Oregon ballot measures 111-114 pass: How these long needed changes will personally impact you


Graphic by Isabella Kneeshaw.

Timmy Parsons, Staff Writer

In the Nov. 8 midterm elections, Oregon voters saw four important measures on the ballot, and all four passed. Each discussed important topics and proposed changes to Oregon’s state constitution. Here is a brief overview of each measure.


Measure 111: Right to Healthcare Amendment       

Yes 50.74% 944,215

No   49.26% 916,560

Measure 111 passed with a voting margin of just 1.48 percent. It amends the state constitution to “ensure that every resident of Oregon has access to cost-effective, clinically appropriate and affordable health care as a fundamental right.” The state is also required to balance the right to healthcare against funding for public education and other services. The measure makes Oregon the first state to guarantee the right to health care in its state constitution. 


Measure 112: Remove Slavery as Punishment for Crime from Constitution

Yes 55.64% 1,039,354

No 44.36% 828,633


Measure 112 removes language from the state constitution allowing slavery or involuntary servitude as a punishment for crime. The measure passed with a margin of 11.28 percent. Measure 112 adds a clause to the state constitution allowing Oregon courts or parole agencies to enact alternatives to incarceration for convicted individuals, such as community service, education, counseling or treatment. Some view its approval as a step towards the demarginalization of BIPOC communities, who are disproportionately represented in prison populations, while others worry that the measure will eliminate Oregon jail reformative programs and increase costs to local jail operators.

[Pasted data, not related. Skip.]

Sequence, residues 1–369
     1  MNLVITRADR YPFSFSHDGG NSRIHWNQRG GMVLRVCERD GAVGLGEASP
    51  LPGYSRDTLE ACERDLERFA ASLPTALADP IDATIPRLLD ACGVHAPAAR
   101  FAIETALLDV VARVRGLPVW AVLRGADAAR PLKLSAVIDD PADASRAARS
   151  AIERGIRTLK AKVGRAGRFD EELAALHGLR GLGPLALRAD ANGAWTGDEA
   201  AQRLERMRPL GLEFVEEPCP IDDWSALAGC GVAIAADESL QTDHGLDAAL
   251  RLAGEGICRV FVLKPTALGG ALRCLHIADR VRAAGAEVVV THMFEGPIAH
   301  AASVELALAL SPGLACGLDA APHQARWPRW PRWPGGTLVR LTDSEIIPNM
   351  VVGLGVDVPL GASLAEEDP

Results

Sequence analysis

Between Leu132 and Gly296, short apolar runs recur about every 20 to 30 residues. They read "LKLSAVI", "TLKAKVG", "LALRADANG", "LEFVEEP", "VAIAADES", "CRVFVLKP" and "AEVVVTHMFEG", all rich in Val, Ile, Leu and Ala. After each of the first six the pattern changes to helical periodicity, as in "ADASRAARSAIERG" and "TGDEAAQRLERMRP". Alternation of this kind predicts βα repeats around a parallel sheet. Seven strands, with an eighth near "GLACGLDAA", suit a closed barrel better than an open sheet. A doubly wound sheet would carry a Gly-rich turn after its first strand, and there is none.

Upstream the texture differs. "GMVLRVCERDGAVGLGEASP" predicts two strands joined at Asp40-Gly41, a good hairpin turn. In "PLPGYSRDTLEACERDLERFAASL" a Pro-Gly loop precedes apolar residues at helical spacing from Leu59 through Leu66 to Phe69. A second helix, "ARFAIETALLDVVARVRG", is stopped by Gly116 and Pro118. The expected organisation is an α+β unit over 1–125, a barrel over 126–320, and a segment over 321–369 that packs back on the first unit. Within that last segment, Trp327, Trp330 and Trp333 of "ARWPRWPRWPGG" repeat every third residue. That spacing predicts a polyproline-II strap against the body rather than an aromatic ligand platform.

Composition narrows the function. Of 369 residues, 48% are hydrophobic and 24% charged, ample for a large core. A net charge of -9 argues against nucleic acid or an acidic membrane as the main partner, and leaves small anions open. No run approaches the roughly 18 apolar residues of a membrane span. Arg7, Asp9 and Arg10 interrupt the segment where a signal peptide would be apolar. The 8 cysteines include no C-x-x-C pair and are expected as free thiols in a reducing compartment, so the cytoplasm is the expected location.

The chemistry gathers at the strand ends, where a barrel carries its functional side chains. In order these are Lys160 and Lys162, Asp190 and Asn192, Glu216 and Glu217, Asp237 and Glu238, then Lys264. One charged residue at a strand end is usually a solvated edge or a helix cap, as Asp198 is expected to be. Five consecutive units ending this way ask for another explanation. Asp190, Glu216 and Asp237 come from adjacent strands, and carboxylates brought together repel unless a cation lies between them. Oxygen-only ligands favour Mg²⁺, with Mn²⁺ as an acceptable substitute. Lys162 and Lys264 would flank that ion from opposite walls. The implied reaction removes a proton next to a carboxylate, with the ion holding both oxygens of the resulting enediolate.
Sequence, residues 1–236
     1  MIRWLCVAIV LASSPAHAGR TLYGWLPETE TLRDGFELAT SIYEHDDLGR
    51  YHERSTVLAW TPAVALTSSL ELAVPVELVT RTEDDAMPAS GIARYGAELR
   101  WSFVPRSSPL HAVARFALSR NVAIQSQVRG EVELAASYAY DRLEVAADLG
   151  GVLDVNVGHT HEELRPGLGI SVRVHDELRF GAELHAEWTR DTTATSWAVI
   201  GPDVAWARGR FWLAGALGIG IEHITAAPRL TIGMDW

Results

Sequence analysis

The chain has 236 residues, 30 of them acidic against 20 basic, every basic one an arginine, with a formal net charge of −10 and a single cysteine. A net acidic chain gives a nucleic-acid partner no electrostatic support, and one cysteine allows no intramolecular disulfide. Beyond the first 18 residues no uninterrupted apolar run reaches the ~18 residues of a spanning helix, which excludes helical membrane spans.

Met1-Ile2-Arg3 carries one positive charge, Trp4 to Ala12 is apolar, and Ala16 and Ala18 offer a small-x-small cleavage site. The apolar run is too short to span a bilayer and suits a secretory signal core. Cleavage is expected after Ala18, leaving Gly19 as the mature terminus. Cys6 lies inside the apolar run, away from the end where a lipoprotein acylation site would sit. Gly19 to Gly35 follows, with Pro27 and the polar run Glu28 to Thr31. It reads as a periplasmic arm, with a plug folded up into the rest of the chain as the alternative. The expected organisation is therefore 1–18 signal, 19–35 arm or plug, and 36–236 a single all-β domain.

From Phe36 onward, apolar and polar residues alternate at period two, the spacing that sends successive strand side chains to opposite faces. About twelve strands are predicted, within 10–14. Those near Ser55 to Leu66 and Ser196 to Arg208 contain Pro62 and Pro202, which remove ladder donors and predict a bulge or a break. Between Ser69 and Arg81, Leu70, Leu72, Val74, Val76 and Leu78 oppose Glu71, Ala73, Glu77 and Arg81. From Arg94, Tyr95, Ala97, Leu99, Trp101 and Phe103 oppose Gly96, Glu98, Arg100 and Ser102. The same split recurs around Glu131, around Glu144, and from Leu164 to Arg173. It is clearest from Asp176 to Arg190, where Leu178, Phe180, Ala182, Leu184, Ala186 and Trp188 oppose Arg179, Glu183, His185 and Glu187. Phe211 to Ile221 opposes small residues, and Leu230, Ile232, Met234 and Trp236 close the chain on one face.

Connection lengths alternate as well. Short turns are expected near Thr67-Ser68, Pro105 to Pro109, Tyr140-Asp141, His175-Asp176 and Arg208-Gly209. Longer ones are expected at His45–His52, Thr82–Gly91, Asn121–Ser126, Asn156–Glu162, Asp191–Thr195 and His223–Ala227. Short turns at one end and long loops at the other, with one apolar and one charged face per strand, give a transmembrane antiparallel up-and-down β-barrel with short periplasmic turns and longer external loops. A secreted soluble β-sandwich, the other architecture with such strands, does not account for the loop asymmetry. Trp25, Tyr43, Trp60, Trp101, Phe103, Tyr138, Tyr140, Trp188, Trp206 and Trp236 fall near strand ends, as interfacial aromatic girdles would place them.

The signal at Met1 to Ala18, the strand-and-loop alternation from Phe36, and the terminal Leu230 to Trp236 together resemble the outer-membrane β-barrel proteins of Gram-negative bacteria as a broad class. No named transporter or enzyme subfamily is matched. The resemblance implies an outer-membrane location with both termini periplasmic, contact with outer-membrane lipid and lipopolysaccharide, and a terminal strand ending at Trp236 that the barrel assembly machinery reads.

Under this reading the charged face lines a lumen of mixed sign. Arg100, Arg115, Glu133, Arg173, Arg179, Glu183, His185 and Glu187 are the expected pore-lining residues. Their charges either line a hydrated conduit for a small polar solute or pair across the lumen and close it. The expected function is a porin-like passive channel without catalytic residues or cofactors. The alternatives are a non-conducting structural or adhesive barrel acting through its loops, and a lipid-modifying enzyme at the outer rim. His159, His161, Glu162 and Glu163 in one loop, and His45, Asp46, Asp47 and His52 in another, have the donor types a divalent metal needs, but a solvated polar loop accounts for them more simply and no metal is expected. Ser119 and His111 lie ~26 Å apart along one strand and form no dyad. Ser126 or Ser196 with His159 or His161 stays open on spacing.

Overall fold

Measure 113: Exclusion from Re-Election for Legislative Absenteeism Initiative 

Yes 68.34% 1,282,066

No 31.66% 593,876


Measure 113 passed with a large margin of 36.68 percent. The measure disqualifies legislators with 10 or more unexcused floor session absences from holding office following the end of their current term. Before the measure was passed, legislators could be punished for ‘disorderly behavior,’ but the constitution did not formerly specify what that entailed. This measure is a response to previous attempts by lawmakers to stall legislation by refusing to show up for controversial votes.


Measure 114: Changes to Firearm Ownership and Purchases Requirements Initiative 

Yes 50.71% 969,258

No 49.29% 942,294


Measure 114, widely considered a controversial measure, passed with a voting margin of only 1.42 percent. It requires local law enforcement to issue permits in order to own a firearm. Applicants for a firearm are required to pay a $65 fee, submit a photo ID and fingerprint, complete a safety training course and pass a criminal background check. Law enforcement can deny a permit application if they deem the applicant a danger to themselves or others. The measure also prohibits the possession, use or sale of ammunition magazines holding more than 10 rounds. The initiative comes in response to increasing gun violence in Oregon’s communities and in schools across the nation. Arguments in support say that permits to purchase firearms will reduce firearm homicide and suicide rates. Arguments in opposition say that violent crime and mass-shootings will not be prevented because criminals do not comply with the law, and that only law-abiding gun owners will be restricted.